Singhose, W., Kim, D., Kenison, M.: Input shaping control of double-pendulum bridge crane oscillations. J. Dyn. Syst. Meas. Control 130(3), 034504 (2008)CrossRefGoogle Scholar
  19. 19.
    Singhose, W., et al.: Effects of hoisting on the input shaping control of gantry cranes. Control Eng. Pract. 8(10), 1159–1165 (2000)CrossRefGoogle Scholar
  20. 20.
    Vaughan, J., Kim, D., Singhose, W.: Control of tower cranes with double-pendulum payload dynamics. IEEE Trans. Control Syst. Technol. 18(6), 1345–1358 (2010)Google Scholar
  21. 21.
    Popa, D.O. et al.: Dynamic modeling and input shaping of thermal bimorph MEMS actuators. In: IEEE International Conference on Robotics and Automation. Proceedings, ICRA’03. IEEE (2003)Google Scholar
  22. 22.
    Togai, K., Platten, M.: Input torque shaping for driveline NVH improvement and torque profile approximation problem with combustion pressure. In: Proceedings of the FISITA 2012 World Automotive Congress. Springer (2013)Google Scholar
  23. 23.
    Singhose, W., Derezinski, S., Singer, N.: Extra-insensitive input shapers for controlling flexible spacecraft. J. Guid. Control Dyn. 19(2), 385–391 (1996)CrossRefGoogle Scholar
  24. 24.
    Sorensen, K.L.: Operational Performance Enhancement of Human Operated Flexible Systems. Georgia Institute of Technology, Atlanta (2008)Google Scholar
  25. 25.
    Bradley, T.H., et al.: Command shaping under nonsymmetrical acceleration and braking dynamics. J. Vib. Acoust. 130(5), 054503 (2008)CrossRefGoogle Scholar
  26. 26.
    Blackburn, D., et al.: Command shaping for nonlinear crane dynamics. J. Vib. Control 16(4), 477–501 (2010)CrossRefzbMATHGoogle Scholar
  27. 27.
    Smith, J.Y., Kozak, K., Singhose, W.E.: Input shaping for a simple nonlinear system. In: American Control Conference, 2002. Proceedings of the 2002. IEEE (2002)Google Scholar
  28. 28.
    Duffing, G.: Erzwungene Schwingungen bei veränderlicher Eigenfrequenz und ihre technische Bedeutung. Vieweg & Sohn, Braunschweig (1918)zbMATHGoogle Scholar
  29. 29.
    Kovacic, I., Brennan, M.J.: The Duffing Equation: Nonlinear Oscillators and Their Behaviour. Wiley, Hoboken (2011)CrossRefzbMATHGoogle Scholar
  30. 30.
    Nayfeh, A.H., Mook, D.T.: Nonlinear Oscillations. Wiley, Hoboken (2008)zbMATHGoogle Scholar
  31. 31.
    Kevorkian, J., Cole, J.D.: Multiple Scale and Singular Perturbation Methods, vol. 114. Springer, Berlin (2012)zbMATHGoogle Scholar
  32. 32.
    Nayfeh, A.H.: Introduction to Perturbation Techniques. Wiley, Hoboken (2011)zbMATHGoogle Scholar
  33. 33.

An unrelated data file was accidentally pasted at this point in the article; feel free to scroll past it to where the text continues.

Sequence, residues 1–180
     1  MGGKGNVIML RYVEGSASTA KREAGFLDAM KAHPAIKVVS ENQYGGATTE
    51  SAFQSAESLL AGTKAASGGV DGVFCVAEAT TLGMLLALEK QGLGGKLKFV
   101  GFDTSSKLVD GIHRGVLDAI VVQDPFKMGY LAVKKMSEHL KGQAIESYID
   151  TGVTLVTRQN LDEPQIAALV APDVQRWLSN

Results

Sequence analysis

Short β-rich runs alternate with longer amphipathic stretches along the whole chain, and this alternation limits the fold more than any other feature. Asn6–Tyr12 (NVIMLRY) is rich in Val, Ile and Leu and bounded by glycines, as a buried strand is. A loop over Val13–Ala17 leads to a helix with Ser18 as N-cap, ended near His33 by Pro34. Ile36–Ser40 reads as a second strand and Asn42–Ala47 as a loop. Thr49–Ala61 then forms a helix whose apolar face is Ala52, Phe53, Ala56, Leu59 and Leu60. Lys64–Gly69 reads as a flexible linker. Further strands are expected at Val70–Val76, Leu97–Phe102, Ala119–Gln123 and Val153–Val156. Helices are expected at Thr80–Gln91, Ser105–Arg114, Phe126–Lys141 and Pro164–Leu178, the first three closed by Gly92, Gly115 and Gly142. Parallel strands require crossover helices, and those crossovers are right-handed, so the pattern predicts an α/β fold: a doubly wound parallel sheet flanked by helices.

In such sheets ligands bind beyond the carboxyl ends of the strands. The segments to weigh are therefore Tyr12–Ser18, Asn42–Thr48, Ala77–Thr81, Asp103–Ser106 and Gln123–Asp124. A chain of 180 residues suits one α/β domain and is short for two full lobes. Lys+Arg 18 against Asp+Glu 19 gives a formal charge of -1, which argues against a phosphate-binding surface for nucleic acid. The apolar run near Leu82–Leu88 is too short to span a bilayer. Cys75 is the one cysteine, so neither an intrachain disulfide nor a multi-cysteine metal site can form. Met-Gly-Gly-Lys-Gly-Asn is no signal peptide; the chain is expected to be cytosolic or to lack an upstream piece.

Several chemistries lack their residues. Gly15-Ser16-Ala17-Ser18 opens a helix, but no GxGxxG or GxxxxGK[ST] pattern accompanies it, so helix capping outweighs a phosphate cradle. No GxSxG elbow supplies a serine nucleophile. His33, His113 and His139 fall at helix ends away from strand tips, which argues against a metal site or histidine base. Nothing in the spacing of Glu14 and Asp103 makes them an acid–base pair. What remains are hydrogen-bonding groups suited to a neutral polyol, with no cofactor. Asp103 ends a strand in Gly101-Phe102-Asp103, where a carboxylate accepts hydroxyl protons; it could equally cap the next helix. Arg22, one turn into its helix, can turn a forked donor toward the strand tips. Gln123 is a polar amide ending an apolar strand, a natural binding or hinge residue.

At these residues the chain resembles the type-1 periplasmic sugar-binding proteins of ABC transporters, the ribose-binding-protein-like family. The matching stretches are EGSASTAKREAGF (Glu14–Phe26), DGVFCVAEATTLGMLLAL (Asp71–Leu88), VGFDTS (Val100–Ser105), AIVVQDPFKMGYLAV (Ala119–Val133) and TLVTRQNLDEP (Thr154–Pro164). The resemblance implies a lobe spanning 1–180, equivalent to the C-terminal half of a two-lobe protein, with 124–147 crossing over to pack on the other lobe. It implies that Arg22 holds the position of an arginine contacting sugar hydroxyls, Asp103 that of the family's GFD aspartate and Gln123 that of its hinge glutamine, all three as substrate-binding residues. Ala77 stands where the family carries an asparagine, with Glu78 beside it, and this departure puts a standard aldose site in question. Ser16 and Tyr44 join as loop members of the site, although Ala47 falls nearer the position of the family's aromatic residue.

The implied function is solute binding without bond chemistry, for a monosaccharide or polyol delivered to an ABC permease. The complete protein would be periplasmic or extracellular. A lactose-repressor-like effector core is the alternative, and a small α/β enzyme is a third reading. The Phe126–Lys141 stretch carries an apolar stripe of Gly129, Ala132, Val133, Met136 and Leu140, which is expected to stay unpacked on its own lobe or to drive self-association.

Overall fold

Singh, T., Vadali, S.: Robust time-delay control. J. Dyn. Syst. Meas. Control 115(2A), 303–306 (1993)CrossRefzbMATHGoogle Scholar
  34. 34.
    Singhose, W.E., Porter, L.J., Singer, N.C.: Vibration reduction using multi-hump extra-insensitive input shapers. In: Proceedings of the American Control Conference. American Automatic Control Council (1995)Google Scholar
  35. 35.
    Chowdhary, G., Jategaonkar, R.: Aerodynamic parameter estimation from flight data applying extended and unscented Kalman filter. Aerosp. Sci. Technol. 14(2), 106–117 (2010)CrossRefGoogle Scholar
  36. 36.
    McGee, L.A., Schmidt, S.F.: Discovery of the Kalman filter as a practical tool for aerospace and industry. NASA, NASA Ames Research Center; Moffett Field, CA, United States. (1985)
  37. 37.
    Gelb, A.: Applied Optimal Estimation. MIT Press, Cambridge (1974)Google Scholar
  38. 38.
    Jategaonkar, R., Plaetschke, E.: Estimation of aircraft parameters using filter error methods and extended Kalman filter. Forschungsbericht- Deutsche Forschungs- und Versuchsanstalt fur Luft- und Raumfahrt (1988)Google Scholar
  39. 39.
    Grewal, M., Andrews, A.: Kalman Filtering: Theory and Practice Using MATLAB. Wiley, New York (2001)zbMATHGoogle Scholar
  40. 40.
    Julier, S.J., Uhlmann, J.K.: Unscented filtering and nonlinear estimation. Proc. IEEE 92(3), 401–422 (2004)CrossRefGoogle Scholar
  41. 41.
    Leonard, A.: Vehicle Tracking Using Ultra-Wideband Radar. Georgia Institute of Technology, Atlanta (2016)Google Scholar

Copyright information

© Springer Science+Business Media B.V., part of Springer Nature 2018

Authors and Affiliations

  • J. Justin Wilbanks
    • 1
  • Christopher J. Adams
    • 1
  • Michael J. Leamy
    • 1
  1. 1.George W. Woodruff School of Mechanical EngineeringGeorgia Institute of TechnologyAtlantaUSA

Personalised recommendations